Published in IoT

Heartbeat data to be used to authenticate wearable devices

by on22 January 2017

A login method for cars, doors, PCs and everything else

Over the past few years, the concept of using heartbeat data to encrypt information and authenticate personal and enterprise users has been gaining consideration as an alternative to expensive, computationally-heavy encryption techniques unsuited for wearable devices.

The human heartbeat is a rhythm unique to each individual and is based on the size and shape of the heart, the orientation of the valves, and other physiology. As such, it will only change in the event of a major complication such as a heart attack or other coronary episodes. Now, researchers at Birmingham State University in New York want to use them to develop a login technique for electronic patient health records and as a means to decrypt them when necessary.

Heartbeat data as a unique biometric login method

Zhanpeng Jin, co-author of a paper citing the use of electrocardiograms (ECGs) as a replacement or secondary authenticator for traditional encryption techniques, says that wearable devices will require significantly less battery-intensive techniques to process these types of requests.

“There have been so many mature encryption techniques available, but the problem is that those encryption techniques rely on some complicated arithmetic calculations and random key generations,” he says. “If you apply those kinds of encryptions on top of the mobile device, then you can burn the battery very quickly.”

One of the first commercial uses of ECG data for personal and enterprise users is the Nymi band, which launched in September 2016 and was previously available as a developer kit during the past two years. This is a multi-factor authentication wearable that takes a user’s unique heartbeat and converts it into a unique key that can be used to unlock many devices. With just a user’s heartbeat data, or in combination with Apple Touch ID, the device can deliver strong login security in the workplace over Bluetooth low energcy and NFC. The unique biometric information can then be used to login to mobile devices, laptops, desktops, cloud platforms and can even act as a smart card to open doors and elevators.

Using heartbeat as a persistent identity

One of the key concerns with ECG encryption is that it is sensitive and much more vulnerable to variations than other forms of biometric measurement. According to Dr. Jin, a person's electrical activity may change depending on mental states, physical activity, and even age. Ultimately, the shape of the heartbeat waves will determine what a signal looks like when being read by an ECG. However, the scanning process will only need to take place once and once the device has a someone’s ECG data, it will continually use the same encrypted file to authenticate things.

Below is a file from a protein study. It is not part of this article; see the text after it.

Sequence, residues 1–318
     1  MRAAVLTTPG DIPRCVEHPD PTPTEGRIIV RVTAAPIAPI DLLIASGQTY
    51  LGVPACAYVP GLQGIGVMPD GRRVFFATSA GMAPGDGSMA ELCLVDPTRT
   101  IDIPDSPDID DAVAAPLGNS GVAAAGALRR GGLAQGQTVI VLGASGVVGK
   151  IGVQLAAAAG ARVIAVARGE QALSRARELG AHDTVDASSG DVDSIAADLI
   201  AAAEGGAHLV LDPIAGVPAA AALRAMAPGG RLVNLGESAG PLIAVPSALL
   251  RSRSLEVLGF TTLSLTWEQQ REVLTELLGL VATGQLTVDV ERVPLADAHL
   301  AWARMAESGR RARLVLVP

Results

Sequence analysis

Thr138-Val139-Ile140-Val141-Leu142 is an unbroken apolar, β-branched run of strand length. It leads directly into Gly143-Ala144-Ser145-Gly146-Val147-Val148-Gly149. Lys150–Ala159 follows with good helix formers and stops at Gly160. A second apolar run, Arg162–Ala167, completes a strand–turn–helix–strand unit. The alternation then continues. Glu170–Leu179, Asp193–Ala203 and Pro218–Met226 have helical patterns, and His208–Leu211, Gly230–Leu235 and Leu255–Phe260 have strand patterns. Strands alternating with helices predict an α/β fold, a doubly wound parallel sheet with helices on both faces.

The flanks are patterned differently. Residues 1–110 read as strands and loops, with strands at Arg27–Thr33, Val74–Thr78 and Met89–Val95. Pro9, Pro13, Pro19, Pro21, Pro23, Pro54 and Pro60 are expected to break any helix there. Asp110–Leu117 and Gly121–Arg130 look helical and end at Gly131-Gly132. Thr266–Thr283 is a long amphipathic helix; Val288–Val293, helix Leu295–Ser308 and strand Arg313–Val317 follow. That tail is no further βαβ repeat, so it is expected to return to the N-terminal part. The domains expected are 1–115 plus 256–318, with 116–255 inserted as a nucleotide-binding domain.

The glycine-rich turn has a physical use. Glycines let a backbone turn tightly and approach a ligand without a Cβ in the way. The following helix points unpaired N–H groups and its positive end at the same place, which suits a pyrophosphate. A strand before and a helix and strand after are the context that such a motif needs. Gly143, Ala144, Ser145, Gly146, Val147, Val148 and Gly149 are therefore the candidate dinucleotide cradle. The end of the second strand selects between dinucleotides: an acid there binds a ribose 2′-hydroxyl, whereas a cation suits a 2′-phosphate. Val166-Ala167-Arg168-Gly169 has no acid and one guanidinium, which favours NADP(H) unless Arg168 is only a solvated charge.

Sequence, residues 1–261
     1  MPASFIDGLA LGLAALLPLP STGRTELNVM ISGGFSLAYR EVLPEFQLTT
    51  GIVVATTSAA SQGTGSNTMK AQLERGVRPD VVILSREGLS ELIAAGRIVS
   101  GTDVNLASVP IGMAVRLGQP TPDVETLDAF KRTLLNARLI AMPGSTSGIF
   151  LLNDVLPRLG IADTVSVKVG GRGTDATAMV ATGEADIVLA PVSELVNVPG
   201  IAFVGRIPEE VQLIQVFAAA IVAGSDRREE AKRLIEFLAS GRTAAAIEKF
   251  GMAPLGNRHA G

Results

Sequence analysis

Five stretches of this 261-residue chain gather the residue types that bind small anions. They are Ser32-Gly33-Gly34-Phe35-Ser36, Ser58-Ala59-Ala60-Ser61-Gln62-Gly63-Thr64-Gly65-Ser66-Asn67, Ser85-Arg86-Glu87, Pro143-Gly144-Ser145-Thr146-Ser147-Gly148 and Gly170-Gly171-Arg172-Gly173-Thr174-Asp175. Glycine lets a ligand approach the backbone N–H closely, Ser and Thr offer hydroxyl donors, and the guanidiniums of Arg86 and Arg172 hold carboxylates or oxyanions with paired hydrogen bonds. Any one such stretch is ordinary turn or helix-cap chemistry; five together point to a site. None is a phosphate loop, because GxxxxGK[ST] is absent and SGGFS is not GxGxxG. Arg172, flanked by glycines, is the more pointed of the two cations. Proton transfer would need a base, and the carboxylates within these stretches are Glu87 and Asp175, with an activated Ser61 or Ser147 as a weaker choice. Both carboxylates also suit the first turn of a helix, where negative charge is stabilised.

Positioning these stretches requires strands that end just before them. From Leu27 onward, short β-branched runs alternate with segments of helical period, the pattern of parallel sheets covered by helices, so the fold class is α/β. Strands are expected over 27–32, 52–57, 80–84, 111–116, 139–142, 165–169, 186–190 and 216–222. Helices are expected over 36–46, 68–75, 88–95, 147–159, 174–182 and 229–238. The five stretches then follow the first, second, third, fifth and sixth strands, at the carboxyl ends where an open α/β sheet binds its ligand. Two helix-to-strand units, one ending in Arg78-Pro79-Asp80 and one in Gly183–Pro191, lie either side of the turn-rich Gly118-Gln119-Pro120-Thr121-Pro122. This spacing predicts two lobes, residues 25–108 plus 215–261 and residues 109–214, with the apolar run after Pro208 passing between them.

While ECG metrics are not as mature as fingerprint scanning technologies, some leaders in the fitness industry believe that the accuracy of heart data will improve and even surpass other biometric methods over the next few years. Andrew D’Souza, CEO of Nymi, says that ECG metrics are “already far above things like voice recognition” and enable a form of “persistent identity”. This means that a person only needs to put on the wearable device once, and it will remain authenticated for the duration of its battery life.

The industry is now well on its way to adopting iris scanners and fingerprint readers for a majority of PC login approvals, yet the use of the heartbeat as a replacement, or even secondary authenticator, for standard passwords may one day allow supported wearables to be used as replacements for car keys, door locks, credit cards and boarding passes.

In the future, the researchers envision a world where all patients will be outfitted with wearables that will continuously collect physiological data and sync information with doctors on a regular basis. Of course, adoption will depend on the willingness from all age groups, young and old, to consistently wear these devices in addition to their usual wallets, keys, smartphones and other accessories.

Last modified on 23 January 2017
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